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A Moment of Silence for Fading Shoeshiners

By John Kelly
Wednesday, July 26, 2006; B03

A bit of the city died this summer. It's a tiny, maybe inconsequential, bit, but the small and the plain deserve obituaries just as much as the high and the mighty, so let us pause to remember the shoeshine stands at the Mayflower Hotel and the Capital Hilton.

Recently shuttered, they will shine no more -- at least, not anytime soon.

There are still men who will shine your shoes downtown. There's White Pony Tony at McCormick & Schmick's on K Street and Clarence at the Grooming Lounge on L. There's Danny , the stand-up comedian, in Washington Square. And don't forget the famed Ego Brown, whose grand stand in International Square is a stately pleasure dome.

There was a time, though, when a shoeshine stand in a hotel lobby was as sure a thing as a Gideon Bible in the bedside table. Representatives of the Mayflower and the Hilton said that the properties were being remodeled and that the stands had to close -- maybe forever, maybe not.

Chris had run the Capital Hilton stand for the past 10 months, shining alongside Robert , who had been there for more than 15 years (as with many of the bootblacks I spoke with, Chris spoke only if I agreed to use just his first name). They rented the space from Pietro's, the hair salon across the hall. When Pietro's lost its lease, Chris and Robert had to go, too.

"We were part of that hotel for 34 years," said Carmelo Chiedi , one of Pietro's owners. "I guess they just got tired of us. They never give me a reason. And they don't have to -- they're the bosses." (Pietro's moved to the Wardman Park Marriott. That hotel has a shoeshine stand, so the Hilton crew wasn't needed.)

I asked Chris how business had been at the Capital Hilton. Good, he said. Feast or famine, yes, but it was feast often enough that he would've been happy to keep on doing it. Customers, he said, "always want to look good, especially if they have a meeting or if they're going to meet a client in the lobby of the hotel."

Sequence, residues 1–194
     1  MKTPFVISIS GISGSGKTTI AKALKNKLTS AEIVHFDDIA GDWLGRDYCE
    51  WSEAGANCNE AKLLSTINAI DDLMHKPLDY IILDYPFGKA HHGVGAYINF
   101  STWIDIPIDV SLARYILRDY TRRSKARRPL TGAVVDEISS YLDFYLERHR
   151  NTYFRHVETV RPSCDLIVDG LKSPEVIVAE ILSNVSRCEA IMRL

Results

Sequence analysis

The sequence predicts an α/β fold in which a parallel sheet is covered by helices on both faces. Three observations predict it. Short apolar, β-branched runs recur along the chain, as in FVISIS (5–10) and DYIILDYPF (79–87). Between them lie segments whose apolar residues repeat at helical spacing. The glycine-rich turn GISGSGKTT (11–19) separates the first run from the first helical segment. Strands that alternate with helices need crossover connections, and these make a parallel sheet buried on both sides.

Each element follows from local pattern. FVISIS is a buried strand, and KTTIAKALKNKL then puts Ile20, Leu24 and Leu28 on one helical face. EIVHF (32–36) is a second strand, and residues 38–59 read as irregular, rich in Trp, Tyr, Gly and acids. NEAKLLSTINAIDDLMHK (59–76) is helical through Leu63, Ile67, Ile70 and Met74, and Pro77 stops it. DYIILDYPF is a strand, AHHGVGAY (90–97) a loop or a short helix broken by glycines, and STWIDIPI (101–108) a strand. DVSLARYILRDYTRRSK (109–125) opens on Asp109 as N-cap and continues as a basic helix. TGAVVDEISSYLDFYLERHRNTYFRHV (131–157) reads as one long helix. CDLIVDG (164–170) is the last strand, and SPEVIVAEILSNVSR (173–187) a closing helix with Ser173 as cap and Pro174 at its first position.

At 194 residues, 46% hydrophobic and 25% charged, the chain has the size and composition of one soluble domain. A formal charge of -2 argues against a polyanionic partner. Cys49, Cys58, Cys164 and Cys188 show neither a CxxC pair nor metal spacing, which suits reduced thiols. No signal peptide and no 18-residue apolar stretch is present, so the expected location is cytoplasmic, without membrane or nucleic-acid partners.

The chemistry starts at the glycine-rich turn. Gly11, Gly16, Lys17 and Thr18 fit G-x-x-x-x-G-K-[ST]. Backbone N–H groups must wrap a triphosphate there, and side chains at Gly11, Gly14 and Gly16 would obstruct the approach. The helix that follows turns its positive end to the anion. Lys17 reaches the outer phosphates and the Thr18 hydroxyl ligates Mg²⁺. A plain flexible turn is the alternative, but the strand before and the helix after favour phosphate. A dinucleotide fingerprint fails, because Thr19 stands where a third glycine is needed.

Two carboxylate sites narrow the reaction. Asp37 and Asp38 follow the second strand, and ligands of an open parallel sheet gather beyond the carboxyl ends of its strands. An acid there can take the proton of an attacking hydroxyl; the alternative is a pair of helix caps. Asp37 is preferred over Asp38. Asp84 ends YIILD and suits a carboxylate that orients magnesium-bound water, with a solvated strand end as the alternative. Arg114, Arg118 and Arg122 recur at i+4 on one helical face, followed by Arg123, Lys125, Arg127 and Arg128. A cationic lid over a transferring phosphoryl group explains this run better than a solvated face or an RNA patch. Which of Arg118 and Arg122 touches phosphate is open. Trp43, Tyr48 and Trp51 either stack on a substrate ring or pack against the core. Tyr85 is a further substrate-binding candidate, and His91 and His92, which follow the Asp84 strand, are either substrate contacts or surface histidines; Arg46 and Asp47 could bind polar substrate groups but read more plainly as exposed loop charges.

It's the salesman's creed: Say what you will about me -- that my quote's too high or my breath's too stale -- but be in awe of my shiny shoes.

I got my shoes shined occasionally at the Capital Hilton, though the TV always seemed to be on. Seeing Maury Povich or Jerry Springer often kept me from falling into the proper shine-induced reverie.

I regret that I'd never been to the Mayflower Hotel's shoeshine stand. It was run by a man named James , who, depending on whom you talk to, was either a second- or third-generation Mayflower shoeshine guy.

I walked over there yesterday, entered the Connecticut Avenue lobby and walked down the stairs to the stand. There's still a plaque on the wall that reads, "According to city lore, the Mayflower Hotel boasts Washington's longest-operating shoeshine stand." Time to sell it on eBay, I guess.

As I tried to commit the shoeshine stand to memory -- the four taupe marble thrones, the four brown leather cushions, the eight brass footrests, the four drawers for supplies stained inside with black polish -- a man in a blue suit walked up.

"Looking for a shine?" I asked. "It's closed."

"I liked the guy who worked here," said the man, who said he was a lobbyist. "He was really up to date on current events. And he had a lot of energy."

I thought about why I like getting my shoes shined. It's a respite, a chance to shoot the breeze, a chance to feel, for a moment, like a big shot. It's a chance to marvel at another man's skill, for there are few things as wondrous to behold as a good shoeshine guy at work.

"I'm sorry to see him go," the lobbyist said. And then he climbed the stairs and walked outside, another man in scuffed shoes, looking for a shine.

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